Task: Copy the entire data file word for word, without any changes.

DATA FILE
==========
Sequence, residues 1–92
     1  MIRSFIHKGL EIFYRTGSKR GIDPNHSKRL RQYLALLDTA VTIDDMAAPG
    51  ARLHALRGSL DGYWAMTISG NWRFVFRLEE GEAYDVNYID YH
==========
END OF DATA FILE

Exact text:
Sequence, residues 1–92
     1  MIRSFIHKGL EIFYRTGSKR GIDPNHSKRL RQYLALLDTA VTIDDMAAPG
    51  ARLHALRGSL DGYWAMTISG NWRFVFRLEE GEAYDVNYID YH